CARIBOU, Maine — The owner of the former Birds Eye vegetable processing site on the corner of Fort Street and U.S. Route 1 has a month to put together a plan to clean up the property.
Steve Nasiff of Nasiff Land LLC of Berkley, Massachusetts, met with the Caribou City Council on June 23 for a public hearing on a proposal to have his buildings declared dangerous and possibly demolished.
The majority of councilors, save for Councilor Kenneth Murchison Jr., agreed to declare the buildings on the site dangerous as reported to the council by Code Enforcement Officer and Assistant City Manager Tony Mazzucco.
In his report to the council, Mazzucco outlined six structures that required immediate attention, including the main building; the accessory building, located between the main building and the freezer building; the freezer building, which is the big blue building next to Route 1; a storage shack; a guard shack; and another accessory building closest to the corner of the Fort Street and Route 1 intersection.
“It is my professional opinion that (these buildings) are structurally unsafe, unstable, unsanitary, are unsuitable for use or occupancy, constitute a hazard to health and safety because of inadequate maintenance, dilapidation, and abandonment … and that the buildings should be disposed of being demolished and removed in accordance with applicable state and local laws,” the assistant city manager wrote.
Nasiff had an opportunity to address the council during the public hearing. Before apprising the officials on his work at the complex, he said that, from driving by the site, it looks like “not a blessed thing has gone on there.”
“One good thing out of it — and you have to take this away — it’s clean. It’s in the middle of your town, and it’s clean. And I cleaned it,” Nasiff said. “And I’m going to finish cleaning it, and I apologize for the unsightliness but we’ll look at getting that taken care of, and I’ll give you a plan because I have no reason not to. I’m on this ASAP.”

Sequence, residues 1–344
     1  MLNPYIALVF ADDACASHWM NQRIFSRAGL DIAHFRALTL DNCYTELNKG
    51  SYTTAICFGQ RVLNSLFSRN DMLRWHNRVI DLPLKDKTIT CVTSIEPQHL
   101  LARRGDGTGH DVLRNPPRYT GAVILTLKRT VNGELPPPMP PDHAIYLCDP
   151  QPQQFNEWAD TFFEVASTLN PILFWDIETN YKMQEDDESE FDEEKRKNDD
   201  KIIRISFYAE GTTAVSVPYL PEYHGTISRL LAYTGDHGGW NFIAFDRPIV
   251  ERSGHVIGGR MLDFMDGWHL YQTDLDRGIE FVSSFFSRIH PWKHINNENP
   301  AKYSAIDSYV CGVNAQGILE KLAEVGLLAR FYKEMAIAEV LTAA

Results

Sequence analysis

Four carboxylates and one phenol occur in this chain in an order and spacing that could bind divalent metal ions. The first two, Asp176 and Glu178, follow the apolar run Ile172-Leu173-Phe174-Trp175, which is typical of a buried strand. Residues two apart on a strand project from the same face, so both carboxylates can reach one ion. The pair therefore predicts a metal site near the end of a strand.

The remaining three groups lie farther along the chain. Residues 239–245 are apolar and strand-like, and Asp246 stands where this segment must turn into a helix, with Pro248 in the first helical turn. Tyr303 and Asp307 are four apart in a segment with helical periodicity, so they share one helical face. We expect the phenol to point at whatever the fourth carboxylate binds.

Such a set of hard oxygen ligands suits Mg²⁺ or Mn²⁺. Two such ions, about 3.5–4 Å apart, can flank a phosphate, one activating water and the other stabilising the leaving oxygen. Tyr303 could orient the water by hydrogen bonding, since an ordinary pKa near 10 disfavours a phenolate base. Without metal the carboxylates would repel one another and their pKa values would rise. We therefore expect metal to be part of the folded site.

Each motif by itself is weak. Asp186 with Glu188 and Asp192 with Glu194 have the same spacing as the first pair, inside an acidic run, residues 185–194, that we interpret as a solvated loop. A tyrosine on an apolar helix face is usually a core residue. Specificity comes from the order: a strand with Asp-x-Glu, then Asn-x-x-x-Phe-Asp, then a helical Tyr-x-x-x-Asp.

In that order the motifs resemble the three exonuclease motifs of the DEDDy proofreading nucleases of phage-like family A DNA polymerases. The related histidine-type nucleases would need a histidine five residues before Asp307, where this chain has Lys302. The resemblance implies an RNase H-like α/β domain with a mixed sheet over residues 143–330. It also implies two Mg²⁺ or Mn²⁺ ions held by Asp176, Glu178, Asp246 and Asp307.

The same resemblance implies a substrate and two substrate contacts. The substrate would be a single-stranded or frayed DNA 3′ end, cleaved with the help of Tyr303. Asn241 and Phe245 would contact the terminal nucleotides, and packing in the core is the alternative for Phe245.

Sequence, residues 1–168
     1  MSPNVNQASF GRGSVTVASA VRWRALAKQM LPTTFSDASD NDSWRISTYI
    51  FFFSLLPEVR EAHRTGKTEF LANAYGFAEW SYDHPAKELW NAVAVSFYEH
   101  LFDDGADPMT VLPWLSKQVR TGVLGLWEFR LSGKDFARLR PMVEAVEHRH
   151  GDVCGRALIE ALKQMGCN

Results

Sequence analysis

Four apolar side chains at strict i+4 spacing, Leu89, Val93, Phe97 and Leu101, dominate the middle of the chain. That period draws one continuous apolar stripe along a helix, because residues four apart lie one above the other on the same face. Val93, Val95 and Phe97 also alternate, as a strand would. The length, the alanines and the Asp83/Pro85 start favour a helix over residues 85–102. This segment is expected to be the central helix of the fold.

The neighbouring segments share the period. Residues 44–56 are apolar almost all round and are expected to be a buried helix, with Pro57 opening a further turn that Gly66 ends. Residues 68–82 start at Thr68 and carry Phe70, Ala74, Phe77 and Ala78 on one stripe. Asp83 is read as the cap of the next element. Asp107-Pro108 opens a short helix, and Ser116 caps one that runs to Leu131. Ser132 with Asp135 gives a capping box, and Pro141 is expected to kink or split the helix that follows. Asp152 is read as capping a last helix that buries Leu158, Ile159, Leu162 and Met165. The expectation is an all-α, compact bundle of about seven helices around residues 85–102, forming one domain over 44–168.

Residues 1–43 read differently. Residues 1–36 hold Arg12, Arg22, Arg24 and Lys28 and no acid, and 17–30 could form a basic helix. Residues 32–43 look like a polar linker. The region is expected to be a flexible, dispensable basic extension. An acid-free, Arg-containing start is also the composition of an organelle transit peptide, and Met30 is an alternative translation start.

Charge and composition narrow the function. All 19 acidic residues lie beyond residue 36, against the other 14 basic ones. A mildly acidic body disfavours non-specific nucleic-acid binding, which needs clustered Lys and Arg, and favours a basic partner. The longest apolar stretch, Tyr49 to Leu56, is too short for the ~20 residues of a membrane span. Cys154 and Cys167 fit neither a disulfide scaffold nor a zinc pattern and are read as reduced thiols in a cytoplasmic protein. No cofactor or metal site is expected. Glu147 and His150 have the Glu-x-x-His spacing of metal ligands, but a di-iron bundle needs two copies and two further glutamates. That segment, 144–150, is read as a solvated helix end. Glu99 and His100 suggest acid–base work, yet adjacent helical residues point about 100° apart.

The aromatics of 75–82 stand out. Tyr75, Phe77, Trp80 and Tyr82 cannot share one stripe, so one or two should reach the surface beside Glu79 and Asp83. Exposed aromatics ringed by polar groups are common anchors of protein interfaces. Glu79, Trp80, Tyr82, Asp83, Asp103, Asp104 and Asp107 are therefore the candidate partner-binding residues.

Since obtaining ownership in 2003, Nasiff said he has done an extensive environmental cleanup of the site and has taken care of what was in the buildings while attempting his own redevelopment project.
When that project did not come to fruition, nor did other business opportunities, Nasiff sold two sections of the property to a nonprofit and a local businessman.
“Neither one of these sales would have been made if the buildings weren’t there, so there is some value in the buildings,” Nasiff said, clarifying that he wasn’t there to tell the councilors that all of the structures on the property were worthy of development.
During the meeting, he agreed with Mayor Gary Aiken’s assessment that some of the buildings could be “kicked over by two guys.”
But Nasiff defended the possibilities for other buildings such as the freezer building alongside Route 1.
“I think the freezer building requires someone to go in there and see how the roof is, because that’s the major issue. Obviously, structurally it’s fine,” he said, adding that the door would have to be closed up and he explained that a hole was created on the south side of the building because his company intended to put rail through there.
“I’m not an engineer, it looks like a nice building to me from the inside. I know it doesn’t look great from the outside,” Nasiff told the council, defending his decision to not have demolished the buildings. “I don’t know what it costs to put up a 32,000-square-foot building, but I hate to (demolish it) if I can use it.”
He also outlined that potential businesses would be more attracted to a site with existing buildings than having to build from scratch and he said that if the facilities existed in Portland, he would have been able to sell them already.
Councilors asked Nasiff if he had a timeline for cleaning up the site, and he responded “ASAP.”
“As soon as I have the numbers, I have to get it done. You guys know that there’s a short window. I have no motivation to leave it the way it is. I need to move and groove on it, and I have to see something happen there,” he said.